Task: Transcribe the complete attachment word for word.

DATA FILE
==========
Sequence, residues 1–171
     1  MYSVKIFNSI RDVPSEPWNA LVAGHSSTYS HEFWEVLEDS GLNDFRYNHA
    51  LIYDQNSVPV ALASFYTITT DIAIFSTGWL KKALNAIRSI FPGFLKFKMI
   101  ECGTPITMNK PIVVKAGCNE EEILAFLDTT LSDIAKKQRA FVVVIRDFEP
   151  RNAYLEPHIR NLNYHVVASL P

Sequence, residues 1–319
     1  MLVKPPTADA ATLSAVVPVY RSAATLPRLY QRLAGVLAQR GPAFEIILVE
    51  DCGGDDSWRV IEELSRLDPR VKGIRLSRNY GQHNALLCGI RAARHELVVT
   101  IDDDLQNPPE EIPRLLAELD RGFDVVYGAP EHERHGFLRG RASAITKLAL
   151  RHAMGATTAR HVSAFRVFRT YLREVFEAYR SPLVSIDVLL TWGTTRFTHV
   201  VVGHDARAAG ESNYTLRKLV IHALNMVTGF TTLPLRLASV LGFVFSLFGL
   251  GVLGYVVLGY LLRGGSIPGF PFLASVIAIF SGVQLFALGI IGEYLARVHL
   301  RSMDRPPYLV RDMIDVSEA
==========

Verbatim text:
Sequence, residues 1–171
     1  MYSVKIFNSI RDVPSEPWNA LVAGHSSTYS HEFWEVLEDS GLNDFRYNHA
    51  LIYDQNSVPV ALASFYTITT DIAIFSTGWL KKALNAIRSI FPGFLKFKMI
   101  ECGTPITMNK PIVVKAGCNE EEILAFLDTT LSDIAKKQRA FVVVIRDFEP
   151  RNAYLEPHIR NLNYHVVASL P

Sequence, residues 1–319
     1  MLVKPPTADA ATLSAVVPVY RSAATLPRLY QRLAGVLAQR GPAFEIILVE
    51  DCGGDDSWRV IEELSRLDPR VKGIRLSRNY GQHNALLCGI RAARHELVVT
   101  IDDDLQNPPE EIPRLLAELD RGFDVVYGAP EHERHGFLRG RASAITKLAL
   151  RHAMGATTAR HVSAFRVFRT YLREVFEAYR SPLVSIDVLL TWGTTRFTHV
   201  VVGHDARAAG ESNYTLRKLV IHALNMVTGF TTLPLRLASV LGFVFSLFGL
   251  GVLGYVVLGY LLRGGSIPGF PFLASVIAIF SGVQLFALGI IGEYLARVHL
   301  RSMDRPPYLV RDMIDVSEA